Rear Panel

The rear of the BASIS is where all the connectivity takes place. There are audio connectors, DataPort connectors, and discreet I/O connections, in addition to network connections. 

This is the BASIS 922az rear panel. The different BASIS models vary in their rear panel features. These differences are explained later in this module. 

DataPorts

DataPorts are used to connect the BASIS to QSC amps, through special QSC DataPort cables. All models of CX, PL, PL2, PL3, and DCA amps built to date feature DataPort connections. This represents the widest range of amplifier models which can be computer controlled, more than any other amp manufacturer in the industry. 

The DataPort connectors are similar to the HD-15 VGA connectors used on PCs, but they are in no way compatible. DataPorts carry audio signals to and from the amp and BASIS. All of these signals are DC or audio frequency AC signals. There are no digital signals on these connectors or cables. Each DataPort carries two quasi-balanced audio signals to the amp. Returning signals from the amp being monitored include clips, temperatures, load status, output voltages, currents, and amp headroom. 

Analog Inputs

Most BASIS models feature analog inputs with Phoenix (a.k.a. Euro-block) connectors or XLR connectors. These are balanced connectors that will present up to eight separate analog signals to the internal DSP for processing. There are also models that feature digital inputs (AES/EBU) and some which only support CobraNet inputs. 

There is no direct correlation between the analog inputs and the DataPort outputs. Any input can be sent to any DataPort. There is also no requirement that the analog inputs must go to the DataPorts. The inputs could be sent to the CobraNet port. Incoming CobraNet signals could be routed to the DataPorts, completely bypassing the analog inputs or any combination. You are able to set up the different combinations, storing them as different configs.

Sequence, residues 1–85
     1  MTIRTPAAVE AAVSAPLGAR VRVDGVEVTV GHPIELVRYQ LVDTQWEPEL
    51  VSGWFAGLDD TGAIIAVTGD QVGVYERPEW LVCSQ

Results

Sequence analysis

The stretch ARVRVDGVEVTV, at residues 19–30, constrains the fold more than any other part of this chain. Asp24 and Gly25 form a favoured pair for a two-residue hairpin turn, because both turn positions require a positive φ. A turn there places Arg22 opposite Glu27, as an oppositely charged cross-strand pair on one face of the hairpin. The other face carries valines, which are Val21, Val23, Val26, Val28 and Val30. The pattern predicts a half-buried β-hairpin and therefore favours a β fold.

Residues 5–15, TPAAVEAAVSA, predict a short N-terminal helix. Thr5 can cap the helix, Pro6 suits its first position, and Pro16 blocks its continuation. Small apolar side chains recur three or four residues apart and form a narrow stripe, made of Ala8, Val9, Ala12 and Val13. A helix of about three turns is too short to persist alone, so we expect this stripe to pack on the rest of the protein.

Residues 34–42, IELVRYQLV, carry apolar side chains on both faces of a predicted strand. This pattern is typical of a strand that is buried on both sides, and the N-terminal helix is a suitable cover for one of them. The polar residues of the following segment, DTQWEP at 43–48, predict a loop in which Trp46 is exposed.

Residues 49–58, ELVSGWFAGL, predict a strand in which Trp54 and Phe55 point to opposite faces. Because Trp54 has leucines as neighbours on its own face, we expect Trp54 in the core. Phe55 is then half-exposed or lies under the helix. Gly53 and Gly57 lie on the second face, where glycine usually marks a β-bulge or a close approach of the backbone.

Monitor Bus

Most BASIS devices have a Monitor Bus connector. This allows both inputs and outputs to be monitored as a separate analog audio feed to a monitor amp, powered speaker, headphones, or to a spectrum analyzer, oscilloscope, or similar device. You can assign audio from any of the analog inputs (pre-DSP signals), or tap into the DataPort outputs just between the BASIS and the amps (post-DSP signals). Since the DataPorts also carry the equivalent "speaker terminal signals" from the amplifier, you can essentially use the Monitor Bus to "listen in" on every amp channel connected to this BASIS, from audio inputs ahead of the DSP, to amp drive signals between the DSP and the amp, all the way to the speaker terminals! This capability greatly simplifies system setup and troubleshooting.